RabbitMQ Queues in Detail

What is Queue:

Queue is buffer to store incoming messages which were sent from exchange to queue.

How to create RabbitMQ queue step by step:

Let’s see how to create queues in RabbitMQ steps by steps using RabbitMQ web management console.

Open URL in Browser: http://localhost:15672 you will get following login screen.

RabbitMQ Login

Click on Queues Tab as shown below:


Click On Add a new queue and enter respective as  shown below:


Now click on Add queue button and queue:


Explanation of RabbitMQ Queues properties:

  • Name
    • Set unique name for exchange.
  • Durability
    • Message will survive even post restarting of server and these data will be stored in server memory.
      • Durable: Message will survive even post restarting of server and these data will be stored in server memory.
      • Transient: In this case message will be deleted after restarting of server.
  • Auto Delete
    • Yes/No
      • If your queue is exclusive then this attribute has no effect because as soon as client disconnect (connection lost) from queue it will be auto deleted.
  • Arguments
    • Actually in RabbitMQ arguments are optional and it is used for Plugins and Broker Specified features

Following are the list of arguments values which can be used as per your requirement:

  • Time-to-live (TTL) Argument
  • Auto expire Argument
  • Max Length Argument
  • Max Length Bytes Argument
  • Overflow Behavior Argument
  • Dead Letter Exchange Argument
  • Dead Letter Routing Key Argument
  • Maximum Priority Argument
  • Lazy Mode Argument
  • Master locator argument:

Time-to-live (TTL) Argument:

We will set a time span to queue and it’ll be discarded if it reaches defined time span. Here, we will set time in milliseconds.

x-message-ttl: 240000 (note: 1 Minutes = 60000 milliseconds)

Refer below sample for the same:


Auto expire Argument:

Set an expiry time to queue and it is defined for how long a queue is unused before it is deleted automatically.


Refer below sample for the same:


Max Length Argument

This argument basically defines how many ready messages can be there in queue before it drop them from head.

x-max-length = 10

A bit confusing right? Let’s understand by simple example. Consider we have set x-max-length = 10, and we have published 11 messages in queue. As we already set max length is 10 then there will be only 10 messages in queue and the oldest one will be deleted automatically.

Refer below sample for the same:


Max Length Bytes Argument:

Here we set total body size for ready messages a queue can contain before it starts to drop them from its head.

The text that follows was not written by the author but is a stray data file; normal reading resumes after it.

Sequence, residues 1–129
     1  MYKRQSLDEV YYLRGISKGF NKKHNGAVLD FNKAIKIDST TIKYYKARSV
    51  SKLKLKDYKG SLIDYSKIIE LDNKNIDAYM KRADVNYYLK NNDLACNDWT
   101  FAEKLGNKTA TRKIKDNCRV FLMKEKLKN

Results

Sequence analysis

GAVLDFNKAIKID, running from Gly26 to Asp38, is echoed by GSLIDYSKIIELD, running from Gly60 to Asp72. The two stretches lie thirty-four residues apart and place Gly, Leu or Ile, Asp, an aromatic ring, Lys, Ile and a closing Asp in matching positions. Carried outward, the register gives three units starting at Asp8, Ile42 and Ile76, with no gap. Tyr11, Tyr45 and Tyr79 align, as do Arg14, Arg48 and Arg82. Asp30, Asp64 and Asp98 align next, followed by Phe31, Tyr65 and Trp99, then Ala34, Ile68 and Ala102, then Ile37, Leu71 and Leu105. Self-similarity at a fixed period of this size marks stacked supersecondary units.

x-max-length-bytes = 1000000 (1 MB)

Example: If we set value x-max-length-bytes = 1000000 (1 MB) and if you publish messages in queue and also the queue size increase over 1 MB then the oldest are going to be deleted from the queue.


Overflow Behavior Argument:

This argument determines what happens to messages when the most length of a queue is reached.

It can have only following values:

  • drop-head
  • reject-publish

Refer below sample for the same:




Dead Letter Exchange Argument:

Here we will set an optional name for exchange to which messages are going to be republished if they’re rejected or expire.
image for dead letter.

Refer below sample for the same:


Dead Letter Routing Key Argument

Optional replacement routing key are going to be used when a message is dead-lettered. If this is often not set, then the message’s original routing key are going to be used.

Let’s understand by Example:
If we published message to an exchange with routing key “routing.key1” which message is dead-lettered. Then this message will be published to dead-lettered exchange with routing key “routing.key1”.

Refer below sample for the same:


Maximum Priority Argument:

We will set a maximum number of priority levels for the queue to support. In case, if we didn’t set (“x-max-priority“) argument, then the queue won’t support message priorities. To declare a priority queue, we’d like to use x-max-priority optional queue argument.

Here argument value should be positive integer between 1 and 255.

Refer below sample for the same:



Lazy Mode Argument:

We will set the queue into a lazy mode, keeping as many messages as possible on disk to scale back the RAM usage.

Refer below sample for the same:


Master locator argument:

We will set the queue into master location mode to see the rule by which the queue master is found when declared on a cluster of nodes.

Refer below sample for the same:


Reference: Master Locator argument

Finally, we have completed all the properties of RabbitMQ queue

Next Step: RabbitMQ Bindings:

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